Think fraternities and sororities are hotbeds of hate? This group is working to change that perception.
Get REAL’s mission as a non-profit is to empower university and college students across the country to speak to high school and middle school students about unlearning homophobia and embracing everyone, regardless of difference. We began as a campus organization at Western University (Canada) in 2011, and have since grown to teams at Guelph, Queens, Mount Allison, and Acadia, and we will be at 10 universities/colleges BC all the way out to Halifax in the fall. We have spoken to thousands of students across Ontario and the East Coast.
The videos we produce are a means to that end – we use them to reach new supporters, to garner new school invites, and – most importantly – we use them as learning tools when we run our presentations. Our videos have been used in teachers colleges as far away as Australia, and featured on CTV, Global and Much Music.
That is our primary focus because we believe that in casual, honest personal stories, told by a team of young students both LGBT and straight, is the most effective method when it comes to unlearning homophobia language and attitudes. Get REAL is students teaching students about homophobia and being themselves, and it means a lot to me. I attended an all-guys’ school in grades 7 and 8. I was insecure, ignorant to different types of people – I myself am straight – and had a good sense of humor. This was a bad
combination for the people around me, who I would tease to no end. As I grew, matured, and had friends and people I respected come out to me, I began to regret my language and my attitude towards others. But I there is no control z button on life.
Our favorite challenge for our video content is to pick people that the general public might dismiss as close-minded and empower then bringing them into the conversation in a positive way. And not with a scripted video, but with their own words, and their own stories (much like one of our high school presentations). We believe that is how a movement grows: breaking down stereotypes and dispelling prejudice bit by bit until a small group of activists translates into a mass movement of the norm. And this in turn requires brave individuals to take the first steps, which is exactly what these fraternity and sorority brothers and sisters did with our project.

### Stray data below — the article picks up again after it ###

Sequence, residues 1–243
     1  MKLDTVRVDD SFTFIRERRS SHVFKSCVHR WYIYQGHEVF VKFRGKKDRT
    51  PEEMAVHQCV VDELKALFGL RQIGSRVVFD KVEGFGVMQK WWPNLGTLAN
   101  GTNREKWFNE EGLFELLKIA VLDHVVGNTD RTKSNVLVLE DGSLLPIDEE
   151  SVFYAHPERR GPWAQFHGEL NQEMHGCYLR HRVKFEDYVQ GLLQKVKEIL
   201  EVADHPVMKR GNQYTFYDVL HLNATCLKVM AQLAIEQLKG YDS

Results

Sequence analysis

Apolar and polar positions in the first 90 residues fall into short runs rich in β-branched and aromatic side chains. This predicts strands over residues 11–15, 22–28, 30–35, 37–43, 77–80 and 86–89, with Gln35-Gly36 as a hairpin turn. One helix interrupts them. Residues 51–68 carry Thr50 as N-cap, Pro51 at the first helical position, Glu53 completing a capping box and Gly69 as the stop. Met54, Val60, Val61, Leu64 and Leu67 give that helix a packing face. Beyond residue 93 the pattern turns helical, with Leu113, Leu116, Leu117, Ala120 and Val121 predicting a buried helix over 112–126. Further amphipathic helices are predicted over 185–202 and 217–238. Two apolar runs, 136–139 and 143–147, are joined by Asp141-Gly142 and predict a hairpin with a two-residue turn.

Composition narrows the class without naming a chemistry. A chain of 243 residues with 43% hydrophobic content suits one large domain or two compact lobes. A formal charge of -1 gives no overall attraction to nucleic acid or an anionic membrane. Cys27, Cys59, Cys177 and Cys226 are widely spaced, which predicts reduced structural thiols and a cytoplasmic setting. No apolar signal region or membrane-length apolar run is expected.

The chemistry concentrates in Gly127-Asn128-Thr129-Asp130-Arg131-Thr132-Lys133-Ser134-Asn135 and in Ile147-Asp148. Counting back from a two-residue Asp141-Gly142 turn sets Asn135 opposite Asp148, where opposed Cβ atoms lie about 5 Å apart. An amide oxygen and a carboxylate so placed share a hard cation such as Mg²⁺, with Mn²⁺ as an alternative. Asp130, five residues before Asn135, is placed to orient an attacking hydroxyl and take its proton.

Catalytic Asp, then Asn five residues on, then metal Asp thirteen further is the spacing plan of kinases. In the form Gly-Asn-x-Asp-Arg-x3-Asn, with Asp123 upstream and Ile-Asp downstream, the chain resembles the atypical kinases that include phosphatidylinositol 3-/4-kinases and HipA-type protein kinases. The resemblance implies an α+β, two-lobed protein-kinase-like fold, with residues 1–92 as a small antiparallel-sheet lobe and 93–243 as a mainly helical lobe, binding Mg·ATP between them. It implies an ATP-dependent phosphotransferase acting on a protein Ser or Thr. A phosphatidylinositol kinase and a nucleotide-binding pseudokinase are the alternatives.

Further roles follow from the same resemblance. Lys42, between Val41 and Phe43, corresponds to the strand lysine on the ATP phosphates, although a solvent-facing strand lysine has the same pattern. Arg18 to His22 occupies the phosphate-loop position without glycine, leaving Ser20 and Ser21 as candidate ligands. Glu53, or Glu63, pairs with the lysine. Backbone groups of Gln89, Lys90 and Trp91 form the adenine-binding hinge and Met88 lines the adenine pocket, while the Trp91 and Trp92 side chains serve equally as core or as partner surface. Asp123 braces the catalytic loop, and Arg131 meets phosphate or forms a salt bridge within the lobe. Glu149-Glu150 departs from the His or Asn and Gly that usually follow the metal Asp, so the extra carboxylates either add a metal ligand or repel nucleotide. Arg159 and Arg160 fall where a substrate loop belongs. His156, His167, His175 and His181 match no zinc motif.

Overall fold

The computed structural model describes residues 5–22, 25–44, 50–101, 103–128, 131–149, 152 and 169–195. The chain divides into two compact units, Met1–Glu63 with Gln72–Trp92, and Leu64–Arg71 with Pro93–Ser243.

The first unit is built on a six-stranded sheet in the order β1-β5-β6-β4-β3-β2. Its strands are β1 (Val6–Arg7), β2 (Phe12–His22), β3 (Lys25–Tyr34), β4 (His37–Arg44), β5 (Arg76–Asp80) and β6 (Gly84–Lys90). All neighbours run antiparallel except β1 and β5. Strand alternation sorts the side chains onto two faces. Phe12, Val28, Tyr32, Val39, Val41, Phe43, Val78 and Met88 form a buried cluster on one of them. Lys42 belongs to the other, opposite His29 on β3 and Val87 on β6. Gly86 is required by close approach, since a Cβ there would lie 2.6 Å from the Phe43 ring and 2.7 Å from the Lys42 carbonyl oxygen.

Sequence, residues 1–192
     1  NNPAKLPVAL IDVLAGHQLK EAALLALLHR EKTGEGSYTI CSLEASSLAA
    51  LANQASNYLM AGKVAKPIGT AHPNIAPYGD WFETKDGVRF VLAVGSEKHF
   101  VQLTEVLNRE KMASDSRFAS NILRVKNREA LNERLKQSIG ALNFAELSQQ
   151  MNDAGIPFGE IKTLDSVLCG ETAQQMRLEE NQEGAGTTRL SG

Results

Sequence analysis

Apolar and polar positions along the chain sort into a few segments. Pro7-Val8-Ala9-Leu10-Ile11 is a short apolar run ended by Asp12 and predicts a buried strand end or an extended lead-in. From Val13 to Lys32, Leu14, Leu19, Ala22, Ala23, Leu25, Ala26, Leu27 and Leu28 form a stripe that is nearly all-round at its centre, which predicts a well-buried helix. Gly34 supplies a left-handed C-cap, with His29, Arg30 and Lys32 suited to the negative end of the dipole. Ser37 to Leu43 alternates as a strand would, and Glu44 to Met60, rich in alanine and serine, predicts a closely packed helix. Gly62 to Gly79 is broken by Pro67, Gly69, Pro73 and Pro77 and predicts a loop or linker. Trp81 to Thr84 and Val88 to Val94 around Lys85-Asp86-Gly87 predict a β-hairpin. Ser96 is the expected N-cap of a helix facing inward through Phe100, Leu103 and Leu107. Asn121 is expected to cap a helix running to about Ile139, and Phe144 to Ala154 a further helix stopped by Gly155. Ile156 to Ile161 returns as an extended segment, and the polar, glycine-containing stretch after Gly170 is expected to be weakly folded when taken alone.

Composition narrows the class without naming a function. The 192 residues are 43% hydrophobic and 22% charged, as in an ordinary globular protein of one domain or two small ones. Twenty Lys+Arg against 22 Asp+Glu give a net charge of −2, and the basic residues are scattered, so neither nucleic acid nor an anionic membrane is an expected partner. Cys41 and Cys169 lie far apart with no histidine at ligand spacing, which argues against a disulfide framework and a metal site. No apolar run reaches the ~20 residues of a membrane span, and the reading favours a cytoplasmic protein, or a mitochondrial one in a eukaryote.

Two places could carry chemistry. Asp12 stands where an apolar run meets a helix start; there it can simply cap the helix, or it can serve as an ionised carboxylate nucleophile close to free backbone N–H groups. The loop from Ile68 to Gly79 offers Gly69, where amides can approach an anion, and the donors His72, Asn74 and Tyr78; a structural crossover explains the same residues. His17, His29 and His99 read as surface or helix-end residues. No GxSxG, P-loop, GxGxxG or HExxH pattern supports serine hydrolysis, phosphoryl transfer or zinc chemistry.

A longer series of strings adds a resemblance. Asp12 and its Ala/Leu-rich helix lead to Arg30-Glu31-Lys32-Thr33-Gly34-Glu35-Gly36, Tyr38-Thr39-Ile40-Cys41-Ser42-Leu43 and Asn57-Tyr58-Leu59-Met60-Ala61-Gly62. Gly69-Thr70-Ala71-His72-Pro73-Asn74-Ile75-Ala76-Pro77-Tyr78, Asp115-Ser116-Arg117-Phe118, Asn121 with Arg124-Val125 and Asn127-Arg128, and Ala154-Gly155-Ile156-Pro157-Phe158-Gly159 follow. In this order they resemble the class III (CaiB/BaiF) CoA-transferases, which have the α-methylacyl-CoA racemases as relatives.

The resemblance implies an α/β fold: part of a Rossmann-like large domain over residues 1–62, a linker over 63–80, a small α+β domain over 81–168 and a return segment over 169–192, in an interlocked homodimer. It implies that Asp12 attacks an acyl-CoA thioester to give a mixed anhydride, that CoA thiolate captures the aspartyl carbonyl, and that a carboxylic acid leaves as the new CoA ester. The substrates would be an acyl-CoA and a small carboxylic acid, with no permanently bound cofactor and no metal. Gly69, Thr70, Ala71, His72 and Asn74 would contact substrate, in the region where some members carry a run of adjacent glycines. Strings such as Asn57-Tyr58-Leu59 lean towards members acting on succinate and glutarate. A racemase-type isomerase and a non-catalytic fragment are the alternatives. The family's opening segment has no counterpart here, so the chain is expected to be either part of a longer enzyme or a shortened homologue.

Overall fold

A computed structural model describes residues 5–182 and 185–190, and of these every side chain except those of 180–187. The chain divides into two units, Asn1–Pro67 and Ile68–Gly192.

For all of us, Get REAL is a means to share these kinds of positive insights with students who remind us of ourselves, helping them avoid mistakes and to provide hope. Whether it is telling a coming out story that provides the kind of hope the speaker couldn’t have foreseen at age 16, or a story of unlearning the kind of meanness and fear of the unknown that I had at 13, Get REAL is our way of helping the younger generation help themselves. And they’re usually miles ahead of where we were, we find. Get REAL would have meant a lot to me back then – it would have blown my small mind, actually. And that is why it means so much to me right now.
We hope that fraternities, sororities, high schools and middle schools across North America join the movement – as many have already – and help us show youth everywhere that the message ‘Love is Love’ can be lived and embodied by truly anybody.